The students consolidated their findings into a 28-page document that they shared along with a summary presentation to the Board of Education at their March 21 public meeting. The proposal included the request that the Hopewell Valley School District commit to creating a formal climate action plan that would address areas including education, facilities and energy, transportation, education, food and waste, and resilience. Within those areas, students generated recommended actions that would result in significantly reduced environmental impacts for the school District over the next decade.

Nadia Chasalow stated: “I am so grateful and proud of how we came together as a team to create such a comprehensive project. We all contributed our own strengths to this effort, and I think our collaboration is what allowed us to succeed in the Climate Challenge. I learned so much from the process of putting together the Climate Action Proposal, and I look forward to seeing where HVRSD takes this effort in the coming years. I hope that the Youth Environmental Society leaders and members who worked on this will continue to use this momentum to work to combat climate change as we follow our separate paths after graduation. I am inspired by this project as an example of the ability of young people to make significant changes in the world.” 

For the New Jersey Student Climate Challenge, team member Kevin Amon edited together interviews of the Youth Environmental Society student leaders with footage of them preparing and presenting their proposal to the Board of Education. This video was then offered, along with the written proposal and presentation, as the students’ official entry to the challenge.

Amon commented: “I wasn’t even a member of the Youth Environmental Society before starting this project. Ms. McGrath reached out to me and asked if I could help film and edit a video because she knew that I was into video production. I said ‘sure,’ not fully knowing what it would entail. It was an honor to be chosen to do this and a lot of fun to produce the video. All of the other members of the Youth Environmental Society have inspired me with their passion for saving the environment. To be able to utilize video production in such an impactful way meant so much to me. While I cared for the environment before this challenge, I was never one to actually take action and contribute to a cause. I think this changes all of that. I’m planning on getting involved in the environmental club at the college I’m attending in the fall. I’m so grateful I could be a part of this, and I’m incredibly proud of what we accomplished.”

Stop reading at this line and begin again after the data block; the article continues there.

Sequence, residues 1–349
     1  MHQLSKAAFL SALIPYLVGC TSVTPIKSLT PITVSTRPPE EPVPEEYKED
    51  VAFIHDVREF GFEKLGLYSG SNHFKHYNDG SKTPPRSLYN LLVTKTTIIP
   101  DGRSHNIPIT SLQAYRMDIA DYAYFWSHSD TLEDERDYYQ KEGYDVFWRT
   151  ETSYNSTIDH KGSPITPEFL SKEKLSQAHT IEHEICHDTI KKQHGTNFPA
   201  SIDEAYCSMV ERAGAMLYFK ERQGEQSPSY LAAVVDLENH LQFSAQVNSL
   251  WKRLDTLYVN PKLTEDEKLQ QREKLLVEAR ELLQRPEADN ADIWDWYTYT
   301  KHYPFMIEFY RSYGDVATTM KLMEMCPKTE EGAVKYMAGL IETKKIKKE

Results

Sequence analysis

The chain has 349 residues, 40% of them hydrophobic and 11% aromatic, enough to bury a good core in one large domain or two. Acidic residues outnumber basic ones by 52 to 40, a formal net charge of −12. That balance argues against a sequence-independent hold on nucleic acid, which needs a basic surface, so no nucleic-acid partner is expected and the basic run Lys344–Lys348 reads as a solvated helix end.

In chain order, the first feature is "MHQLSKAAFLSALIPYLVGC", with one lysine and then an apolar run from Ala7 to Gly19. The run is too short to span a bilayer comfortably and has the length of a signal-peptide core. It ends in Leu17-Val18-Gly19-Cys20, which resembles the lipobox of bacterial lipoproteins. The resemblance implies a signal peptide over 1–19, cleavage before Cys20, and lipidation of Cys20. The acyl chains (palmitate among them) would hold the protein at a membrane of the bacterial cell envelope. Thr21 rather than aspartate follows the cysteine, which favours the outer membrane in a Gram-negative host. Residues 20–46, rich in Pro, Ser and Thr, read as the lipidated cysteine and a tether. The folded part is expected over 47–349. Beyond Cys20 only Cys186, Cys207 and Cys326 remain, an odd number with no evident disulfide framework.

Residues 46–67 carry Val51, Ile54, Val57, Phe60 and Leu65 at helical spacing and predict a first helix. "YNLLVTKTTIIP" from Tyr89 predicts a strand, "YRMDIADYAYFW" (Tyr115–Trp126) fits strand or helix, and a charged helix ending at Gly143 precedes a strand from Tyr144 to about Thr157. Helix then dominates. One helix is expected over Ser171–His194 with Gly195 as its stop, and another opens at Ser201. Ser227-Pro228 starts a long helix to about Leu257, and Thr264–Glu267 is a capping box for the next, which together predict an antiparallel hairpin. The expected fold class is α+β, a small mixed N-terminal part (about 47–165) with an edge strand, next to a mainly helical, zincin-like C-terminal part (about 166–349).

HVRSD Superintendent Dr. Rosetta Treece lauded the team, stating: “I applaud our students’ efforts and unwavering commitment to ensuring that the District is moving forward in our sustainability mission and goals. We pledge to work with our students and the greater community and to take steps toward doing our part in protecting our planet.”